By Alexander Bolton - 04/16/13 03:53 PM EDT
Sen. Mark BegichMark BegichSenate GOP deeply concerned over Trump effect Ex-Sen. Kay Hagan joins lobby firm Unable to ban Internet gambling, lawmakers try for moratorium MORE, a Democrat from Alaska who has withheld his support for gun control legislation, says a proposal to exempt rural gun owners from background-check requirements would likely not win his vote.
Sens. Joe ManchinJoe ManchinGun-control supporters plan next steps versus NRA 14 dead in West Virginia flooding Bipartisan gun measure survives test vote MORE (D-W.Va.) and Pat Toomey (R-Pa.), the co-sponsors of an amendment to expand background checks for gun sales, have discussed the possibility of exempting residents of rural areas who do not live within convenient driving distance of a gun dealer.
Under the amendment they introduced last week, firearms purchased at gun shows and over the Internet would require federally licensed gun dealer to conduct a background check.
Potential Republican swing votes have steadily announced their opposition to the Manchin-Toomey proposal, putting pressure on the sponsors to woo Begich and other lawmakers from rural states. Many people in Alaska, the largest state in the nation by geographic area, do not live within hundreds of miles of a licensed gun dealer.
Sen. Heidi HeitkampHeidi HeitkampGun-control supporters plan next steps versus NRA McConnell quashes Senate effort on guns Senators roll out bipartisan gun proposal MORE of North Dakota, another Democrat who has declined to endorse the Manchin-Toomey plan, and Sen. Lisa MurkowskiLisa MurkowskiKerry visits Arctic Circle to see climate impacts Senate panel clears EPA spending bill, blocking rules Momentum slows for major energy bill MORE, a Republican from Alaska, are other lawmakers targeted by the proposed exemption for rural gun owners.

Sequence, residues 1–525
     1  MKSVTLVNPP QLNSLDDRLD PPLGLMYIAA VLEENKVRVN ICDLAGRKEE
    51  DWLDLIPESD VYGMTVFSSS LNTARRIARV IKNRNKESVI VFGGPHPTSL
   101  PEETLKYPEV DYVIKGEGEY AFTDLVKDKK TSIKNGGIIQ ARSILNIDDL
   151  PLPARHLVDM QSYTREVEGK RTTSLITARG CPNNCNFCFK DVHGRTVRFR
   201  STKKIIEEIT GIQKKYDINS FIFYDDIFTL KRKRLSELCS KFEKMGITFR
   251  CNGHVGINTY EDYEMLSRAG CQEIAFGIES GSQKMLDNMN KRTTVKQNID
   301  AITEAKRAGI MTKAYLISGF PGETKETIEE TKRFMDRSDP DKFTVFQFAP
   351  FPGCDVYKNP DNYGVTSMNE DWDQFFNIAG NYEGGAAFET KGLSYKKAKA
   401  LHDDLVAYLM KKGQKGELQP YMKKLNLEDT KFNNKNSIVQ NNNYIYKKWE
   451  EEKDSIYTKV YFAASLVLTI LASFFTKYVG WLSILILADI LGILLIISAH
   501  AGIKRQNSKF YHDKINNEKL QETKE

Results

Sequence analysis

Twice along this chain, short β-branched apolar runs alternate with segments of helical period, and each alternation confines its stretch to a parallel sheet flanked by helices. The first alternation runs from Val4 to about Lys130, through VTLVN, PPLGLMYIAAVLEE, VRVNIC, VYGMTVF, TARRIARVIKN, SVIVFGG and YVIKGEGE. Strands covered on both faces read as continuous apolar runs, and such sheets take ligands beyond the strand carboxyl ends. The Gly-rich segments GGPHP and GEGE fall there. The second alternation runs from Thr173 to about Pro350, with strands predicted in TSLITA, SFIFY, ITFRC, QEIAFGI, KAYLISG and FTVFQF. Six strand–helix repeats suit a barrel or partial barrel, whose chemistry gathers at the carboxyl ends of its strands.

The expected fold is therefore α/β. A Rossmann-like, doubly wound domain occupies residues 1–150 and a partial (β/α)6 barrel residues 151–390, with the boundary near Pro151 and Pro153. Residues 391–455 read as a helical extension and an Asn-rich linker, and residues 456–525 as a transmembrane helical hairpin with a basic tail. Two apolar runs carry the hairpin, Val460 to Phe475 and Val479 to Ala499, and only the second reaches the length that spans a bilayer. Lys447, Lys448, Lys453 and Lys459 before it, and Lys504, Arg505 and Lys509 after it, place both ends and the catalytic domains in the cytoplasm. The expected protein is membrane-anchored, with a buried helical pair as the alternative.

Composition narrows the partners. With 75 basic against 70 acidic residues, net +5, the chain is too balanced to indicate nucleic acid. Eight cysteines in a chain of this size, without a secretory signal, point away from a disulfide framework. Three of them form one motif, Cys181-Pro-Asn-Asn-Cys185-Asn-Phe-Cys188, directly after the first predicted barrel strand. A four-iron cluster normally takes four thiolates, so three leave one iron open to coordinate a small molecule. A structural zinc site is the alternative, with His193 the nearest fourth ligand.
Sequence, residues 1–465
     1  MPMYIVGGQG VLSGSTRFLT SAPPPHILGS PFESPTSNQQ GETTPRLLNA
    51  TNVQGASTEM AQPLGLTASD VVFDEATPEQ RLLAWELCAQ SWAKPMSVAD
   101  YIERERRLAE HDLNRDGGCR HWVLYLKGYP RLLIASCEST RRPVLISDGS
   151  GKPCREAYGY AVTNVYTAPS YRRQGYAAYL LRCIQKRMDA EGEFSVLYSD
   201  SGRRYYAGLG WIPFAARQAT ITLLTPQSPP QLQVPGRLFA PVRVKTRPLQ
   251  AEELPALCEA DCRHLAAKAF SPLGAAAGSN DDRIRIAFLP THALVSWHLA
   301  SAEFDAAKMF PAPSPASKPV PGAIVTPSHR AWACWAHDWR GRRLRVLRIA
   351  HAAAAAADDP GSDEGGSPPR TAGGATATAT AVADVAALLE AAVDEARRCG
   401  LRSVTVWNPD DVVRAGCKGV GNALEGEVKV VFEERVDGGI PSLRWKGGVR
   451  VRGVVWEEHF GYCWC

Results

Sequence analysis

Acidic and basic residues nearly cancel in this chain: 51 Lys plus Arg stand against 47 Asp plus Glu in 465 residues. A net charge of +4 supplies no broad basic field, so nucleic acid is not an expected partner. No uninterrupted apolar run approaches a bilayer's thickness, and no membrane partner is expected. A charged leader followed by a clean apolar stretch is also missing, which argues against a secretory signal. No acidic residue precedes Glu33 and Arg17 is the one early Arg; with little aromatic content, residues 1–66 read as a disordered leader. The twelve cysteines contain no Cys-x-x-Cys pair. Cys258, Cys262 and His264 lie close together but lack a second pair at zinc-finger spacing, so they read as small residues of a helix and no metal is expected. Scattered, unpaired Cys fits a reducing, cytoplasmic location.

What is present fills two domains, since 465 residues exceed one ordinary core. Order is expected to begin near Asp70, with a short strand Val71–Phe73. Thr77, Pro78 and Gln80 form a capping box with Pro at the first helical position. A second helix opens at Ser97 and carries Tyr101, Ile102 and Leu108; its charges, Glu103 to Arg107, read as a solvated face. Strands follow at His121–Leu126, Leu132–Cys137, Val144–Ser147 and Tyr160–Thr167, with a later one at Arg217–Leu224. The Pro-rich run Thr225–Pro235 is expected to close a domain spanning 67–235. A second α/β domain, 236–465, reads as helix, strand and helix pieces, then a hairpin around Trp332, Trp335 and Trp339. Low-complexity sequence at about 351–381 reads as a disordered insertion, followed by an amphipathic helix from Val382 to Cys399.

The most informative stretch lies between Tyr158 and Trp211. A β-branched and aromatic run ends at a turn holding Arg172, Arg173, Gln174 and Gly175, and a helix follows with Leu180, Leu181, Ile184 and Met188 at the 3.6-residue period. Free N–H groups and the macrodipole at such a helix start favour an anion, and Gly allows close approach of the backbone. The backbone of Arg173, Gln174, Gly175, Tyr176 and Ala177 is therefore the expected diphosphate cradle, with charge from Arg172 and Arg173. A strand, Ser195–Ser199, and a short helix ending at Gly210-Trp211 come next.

Ladd Everitt, the spokesman for the Coalition to Stop Gun Violence, said about 98 percent of U.S. residents live within 10 miles of federally licensed gun dealers.
Sen. Mark PryorMark PryorEx-Sen. Kay Hagan joins lobby firm Top Democrats are no advocates for DC statehood Ex-Sen. Landrieu joins law and lobby firm MORE (D-Ark.), who voted last week against a motion to begin debate on the gun control package, said he has yet to make up his mind on the Manchin-Toomey proposal.
He plans to review it in the next 24 hours and is also interested in learning more about a plan sponsored by Sen. Chuck GrassleyChuck GrassleyDozens of senators push EPA for higher ethanol mandate Civil liberties group mobilizes against surveillance amendment Brother may I? Congress must reform senseless drug regulation MORE (Iowa), the ranking Republican on the Judiciary Committee, addressing background checks, the availability of firearms to mentally-ill individuals and school safety.